“Free Money”

February 3rd, 2010

In President Obama’s State of the Union Address (SOTU) last week, there were a number of statements that irked me, but one statement that clearly shows the liberal/progressive mindset is where he said “And let’s tell another one million students that when they graduate, they will be required to pay only ten percent of their income on student loans, and all of their debt will be forgiven after twenty years – and forgiven after ten years if they choose a career in public service. Because in the United States of America, no one should go broke because they chose to go to college.”

Now, the idle or idealistic mind might look at this and think “Isn’t this a great idea!” I must admit I sort of agree with some of the arguments that might come out in favor of this plan, however I still believe it falls flat. Student loans are not a terribly lucrative business compared to other forms of loans. Currently they are often government subsidized such that the interest rates are low and students who get them don’t have to pay anything while they’re in school, and can even get payments deferred without penalty if they come under hard times. To me, this is already a pretty good deal. I, as a student, don’t even have to have stellar credit, large quantities of disposable income or even wonderful grades to get such a loan. I just go, get a loan and pay it back in good times.

What’s the problem with that? I don’t know the statistics on people who actually go bankrupt because of student loans, but my gut feeling tells me the majority of those entering bankruptcy who have student loans are doing so because of a mortgage, car loan, or credit card debt that pushed them to the brink, not their student loans. In fact a brief search of the Internet, seems to indicate that even in bankruptcy student loans cannot be discharged unless the candidate can show that paying them off would cause “undue hardship” on the candidate, the candidate’s family and dependents.

So if bankruptcy isn’t the reason for this “free money,” what is? I almost shudder to think, but for now let’s assume it’s both noble and justified. First, allow me to explain why I call this “free money.”

Suppose a bright student applies and is accepted to a prestigious university in another state where the annual cost of tuition, room and board, fees, etc. is on the order of $35,000 per year. Let us further assume that the student is indeed able to graduate in precisely four years, paying a rough total of $140,000 for school. Let us then suppose that all of that was paid for by student loans.

Upon graduation (or a few months after), those loans begin to demand payments. Usually it is a small amount relative to the amount owed, in part because of the low interest rate. Under Obama’s proposal however, that amount would be capped at 10% of the student’s income per year, regardless of how high the interest might be or how large the debt.

Now suppose that student makes $50,000 per year (let’s use this as the average over the 10-20 years before the debt is forgiven). Further, let’s suppose the student never goes without a job or hits any hardship that would warrant deferment of payments.

Over the course of one year, the student would pay no more (but possibly less than) $5,000 toward this debt. That means in 10 years, should the student choose a career in public service, the student will have paid $50,000 of the $140,000 debt, roughly 36% (forget interest). If the student chooses some career not under the “public service” label the amount of $100,000 will have been paid, still less than 72%.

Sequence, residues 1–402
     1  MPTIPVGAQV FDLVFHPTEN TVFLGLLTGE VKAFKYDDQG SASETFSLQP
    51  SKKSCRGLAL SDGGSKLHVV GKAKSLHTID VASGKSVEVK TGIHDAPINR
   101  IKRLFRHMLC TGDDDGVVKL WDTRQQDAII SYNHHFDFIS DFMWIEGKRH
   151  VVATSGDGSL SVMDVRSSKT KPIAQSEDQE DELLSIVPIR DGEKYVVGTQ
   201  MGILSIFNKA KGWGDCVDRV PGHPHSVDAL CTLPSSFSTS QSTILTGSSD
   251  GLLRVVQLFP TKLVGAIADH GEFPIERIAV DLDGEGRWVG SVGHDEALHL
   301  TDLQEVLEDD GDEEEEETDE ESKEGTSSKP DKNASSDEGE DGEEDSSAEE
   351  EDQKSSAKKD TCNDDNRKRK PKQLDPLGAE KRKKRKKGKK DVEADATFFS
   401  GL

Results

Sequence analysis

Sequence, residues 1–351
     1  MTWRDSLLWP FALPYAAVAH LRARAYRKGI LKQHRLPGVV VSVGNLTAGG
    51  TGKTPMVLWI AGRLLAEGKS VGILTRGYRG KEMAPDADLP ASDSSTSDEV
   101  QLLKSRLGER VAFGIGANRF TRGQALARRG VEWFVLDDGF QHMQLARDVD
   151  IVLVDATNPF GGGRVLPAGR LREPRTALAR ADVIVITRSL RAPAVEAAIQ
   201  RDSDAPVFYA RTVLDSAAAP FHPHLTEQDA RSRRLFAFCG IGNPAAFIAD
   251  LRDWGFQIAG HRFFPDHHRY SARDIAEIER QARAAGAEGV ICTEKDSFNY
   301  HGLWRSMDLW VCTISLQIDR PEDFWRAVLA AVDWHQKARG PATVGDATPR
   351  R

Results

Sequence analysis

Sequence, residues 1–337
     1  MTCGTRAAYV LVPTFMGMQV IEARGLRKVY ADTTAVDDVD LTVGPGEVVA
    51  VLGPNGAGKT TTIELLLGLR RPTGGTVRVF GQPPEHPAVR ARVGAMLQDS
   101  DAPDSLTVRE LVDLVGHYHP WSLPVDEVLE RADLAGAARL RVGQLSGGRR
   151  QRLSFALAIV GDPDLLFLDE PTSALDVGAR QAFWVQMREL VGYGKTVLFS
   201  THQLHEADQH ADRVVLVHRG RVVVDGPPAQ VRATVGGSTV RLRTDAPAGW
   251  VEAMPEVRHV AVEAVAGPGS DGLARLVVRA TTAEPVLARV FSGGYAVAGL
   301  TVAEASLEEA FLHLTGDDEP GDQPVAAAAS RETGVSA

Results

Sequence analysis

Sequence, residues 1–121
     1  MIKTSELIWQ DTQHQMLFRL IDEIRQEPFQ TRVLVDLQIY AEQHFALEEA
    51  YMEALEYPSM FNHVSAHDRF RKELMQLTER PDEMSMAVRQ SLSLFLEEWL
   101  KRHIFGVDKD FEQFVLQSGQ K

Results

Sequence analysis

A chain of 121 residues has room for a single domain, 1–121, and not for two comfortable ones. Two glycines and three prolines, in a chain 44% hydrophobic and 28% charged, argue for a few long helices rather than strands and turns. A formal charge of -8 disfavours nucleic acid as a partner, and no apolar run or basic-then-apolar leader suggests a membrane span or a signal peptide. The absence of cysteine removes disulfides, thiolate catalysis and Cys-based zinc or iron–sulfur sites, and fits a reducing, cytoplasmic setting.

So, what’s the problem here? It sounds like a nice deal for the student. Simply go get a huge loan to go to a fancy expensive school and not have to pay all of it back, let alone the interest. That’s free money for every student out there who can get these loans!

The problem is where does that money come from? If it’s coming from the government and only these loans are subject to the 10% cap on payments and the 10-20 year forgiveness policy, it means we, the taxpayers, are subsidizing the education of every student that gets these loans. I actually don’t have a problem subsidizing education, but this isn’t the way to do it. Instead our government (state and federal) should be giving the money to schools directly, or to students as grants to help pay for the costs of education, not in phony loans that act as grants in the long term.

If however this policy applies to loans made in the private sector, we have a bigger problem. Instead of creating a boon for students who just need a chance to get an education so they can finally get a leg up on life, the policy will dry up the very business of student loans that’s already helping people do that. If investors see that for every $1 they invest in student loans they can only expect to get (at best) $0.75 back, that’s not an investment many people will be making. Loans will dry up and students won’t be getting them.

That is where the liberal policy of “Free Money” takes us every time. Either the tax payers subsidize an industry, practice, or “right” via round about means (again, I’m okay with the direct approach depending on what they want to subsidize), or we create some kind of bubble that eventually pops and creates a crisis (Sub-prime mortgage crisis anyone?).

So, let’s not adopt this new “Free Money” policy. Let’s instead invest in education the way we used to, by giving scholarships and grants to deserving students (can be defined as academic or sports capability, or just economic need), let’s fund our public universities and colleges sufficiently so average kids can afford to go to them, and let’s encourage universities and colleges to get their costs under control so they don’t grow at 2-3-30X the rate of inflation, by regulation if necessary. Finally, let’s dispel the notion that money ever was or can be “free.”

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